We spent this past Labor Day weekend in Western Massachusetts/SW Vermont. My older daughter's Mother-in-Law have a cabin in Heath, MA. The town was established in 1785, and was named for a Revolutionary War general. It is still very rural, We've been there a few times in the winter, skiing at Mount Snow in nearby Vermont, and snowmobiling around the area. This was the first time that we've been there without everything covered in several feet of snow, however! Heath is situated a few miles off of Mass Route 2, "The Mohawk Trail", which runs through the Massachusetts Berkshires from (roughly) Greenfield, MA West to Williamstown, MA. It was one of the first scenic roads in the United States. While not as popular now as it was in its heyday of the 1940's and 1950's, it remains a beautiful area year round, and spectacular in October foliage season.
Our first day there, we made the relatively short drive to the town of Shelbourne Falls, MA. The town is touristy but quaint, and the Bridge of Flowers is one famous site there.
The Bridge itself was once a trolley bridge, but has been converted into a long, elaborate garden pathway spanning the Deerfield River.
It is planted and maintained by the town's garden society. As you can see, it includes flowering shrubs, small flowering trees, and flowering vines, as well as a great many flowers of many varieties!
Close up of a very small section of the gardens from September, 2015.
Recrossing the River via a second bridge (a truss bridge dating from 1890!), a short walk down a side street brought us to Shelbourne Falls itself. The river was damned here years ago to power a small hydroelectric plant (the red building).
Water mills and later power plants were common on the small rivers of New England during the industrialization of the Northeast during the 1800's.
The Indians knew this as "Salmon Falls" Note the coloration of the rock, more typical of the Southwest than New England.
The other special feature of the falls is the numerous "glacial potholes"
These were created first by glacial action, and then by rocks at the the bottom of depressions being swirled by the waters passing over the falls, gradually grinding out and deepening the granite and gneiss of the river bead.
This shot shows some of the potholes (also known as "kettles" geologically) better - many still have the rocks at the bottom of them that have done the grinding. Salmon Falls reputedly contains the largest such feature on record at 39 feet wide.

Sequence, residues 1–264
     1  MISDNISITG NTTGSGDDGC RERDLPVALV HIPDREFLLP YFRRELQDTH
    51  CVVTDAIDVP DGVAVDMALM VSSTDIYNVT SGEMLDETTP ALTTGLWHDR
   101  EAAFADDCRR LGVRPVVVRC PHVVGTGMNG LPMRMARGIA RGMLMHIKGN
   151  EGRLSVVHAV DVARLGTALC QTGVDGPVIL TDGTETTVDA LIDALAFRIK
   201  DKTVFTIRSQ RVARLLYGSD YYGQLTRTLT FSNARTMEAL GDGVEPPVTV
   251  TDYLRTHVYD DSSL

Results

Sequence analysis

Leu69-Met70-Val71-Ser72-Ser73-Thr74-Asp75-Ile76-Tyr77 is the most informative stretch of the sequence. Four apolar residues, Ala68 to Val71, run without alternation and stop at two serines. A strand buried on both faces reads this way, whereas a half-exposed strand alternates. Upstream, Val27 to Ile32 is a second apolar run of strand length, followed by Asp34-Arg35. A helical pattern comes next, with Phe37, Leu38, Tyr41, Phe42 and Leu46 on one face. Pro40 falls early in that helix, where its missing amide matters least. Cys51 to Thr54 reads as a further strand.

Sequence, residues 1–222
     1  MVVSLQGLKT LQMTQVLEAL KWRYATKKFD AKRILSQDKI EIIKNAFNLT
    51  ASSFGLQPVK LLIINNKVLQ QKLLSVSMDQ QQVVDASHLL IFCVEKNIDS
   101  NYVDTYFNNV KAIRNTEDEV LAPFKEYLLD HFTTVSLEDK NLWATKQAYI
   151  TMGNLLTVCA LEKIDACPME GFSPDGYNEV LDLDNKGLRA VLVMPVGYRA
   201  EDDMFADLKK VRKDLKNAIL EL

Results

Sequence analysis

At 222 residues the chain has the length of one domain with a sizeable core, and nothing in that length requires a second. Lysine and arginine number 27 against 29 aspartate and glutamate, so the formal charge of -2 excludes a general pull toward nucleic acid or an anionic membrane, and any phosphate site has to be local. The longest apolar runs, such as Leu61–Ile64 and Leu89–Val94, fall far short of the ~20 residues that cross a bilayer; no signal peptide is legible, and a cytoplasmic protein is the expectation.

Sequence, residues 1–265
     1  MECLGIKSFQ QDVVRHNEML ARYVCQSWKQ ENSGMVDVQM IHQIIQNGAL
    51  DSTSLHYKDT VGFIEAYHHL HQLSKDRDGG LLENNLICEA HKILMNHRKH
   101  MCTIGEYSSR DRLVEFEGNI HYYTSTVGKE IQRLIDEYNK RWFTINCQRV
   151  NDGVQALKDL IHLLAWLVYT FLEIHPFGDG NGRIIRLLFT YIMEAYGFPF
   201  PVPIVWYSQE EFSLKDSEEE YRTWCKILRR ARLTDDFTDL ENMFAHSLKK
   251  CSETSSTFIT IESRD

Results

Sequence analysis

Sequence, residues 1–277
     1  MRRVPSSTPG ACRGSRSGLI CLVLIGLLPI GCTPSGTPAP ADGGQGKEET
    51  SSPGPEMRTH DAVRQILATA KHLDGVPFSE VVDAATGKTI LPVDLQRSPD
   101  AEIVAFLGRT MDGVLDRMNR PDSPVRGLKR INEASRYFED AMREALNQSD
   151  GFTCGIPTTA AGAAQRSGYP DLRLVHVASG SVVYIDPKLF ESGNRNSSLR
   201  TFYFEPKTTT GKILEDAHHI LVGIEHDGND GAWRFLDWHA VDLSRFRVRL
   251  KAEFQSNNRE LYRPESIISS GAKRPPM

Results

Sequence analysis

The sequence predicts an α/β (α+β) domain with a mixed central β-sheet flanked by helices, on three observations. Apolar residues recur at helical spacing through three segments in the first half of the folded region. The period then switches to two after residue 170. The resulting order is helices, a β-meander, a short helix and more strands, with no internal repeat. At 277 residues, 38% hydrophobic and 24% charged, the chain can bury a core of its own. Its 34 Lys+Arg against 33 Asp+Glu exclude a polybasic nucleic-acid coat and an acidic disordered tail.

Another shot, showing some more of the long dam as well. The past 2 months have been quite dry in our area, so the water flow is relatively light. However, it can be quite different in the Spring; the four of us have done whitewater rafting on the upper stretches of the Deerfield River in years past.
This shot of the Falls during in a spring flood gives a better idea how the carving action would have taken place over thousands of years!
The following day (after blueberry pancakes with maple syrup for breakfast),we set out driving around SW Vermont. We stopped especially at one establishment for their soft serve maple syrup ice cream, known in Vermont as a "maple creamie". Seriously delicious! They of course had all sorts of other Maple products for sale, with the syrup making process on site (operating only for about a month each year in the spring when the maple sap runs). In the windows they had three different years worth of sample bottles displayed, one bottle for each day of production. In 2014, there were only three weeks of production, from about March 22 to April 14. As you can see, the color of the syrup gets darker in general as the season goes on (left to right), but it is hardly a uniform process, depending upon temperature, rainfall, snow melt etc. each day. The darker syrups generally have a stronger maple flavor (and contain more complex organic pigments), and are often used for cooking (and ice cream) flavoring for that reason.
We then drove on to an orchard for a tractor ride and apple picking. My wife is holding a bottle of n Angry Orchard hard cider - I have already finished mine. :-)
My older daughter (white top, next to me) is expecting her first child in less than 2 months, although you can hardly tell that in this shot! I'm too young to be Grandpa.... or maybe not, LOL!
There were acres and acres of apples. We didn't pick too many that day ourselves. We have several orchards in our area at home - indeed, one of my patients owns and operates a cider mill, located a few hundred yards from my office. The above are Cortlands, a variety, my younger daughter was quick to point out, that was developed at Cornell and named after the nearby town of Cortland, NY. When my wife and younger daughter are back in Ithaca later this month, they will probably come back with a bunch more apples from the Cornell orchards! Then it will be my job to make my Fall tradition apple and cinnamon glazed pancakes for breakfast. Thanks to our host for a fun weekend!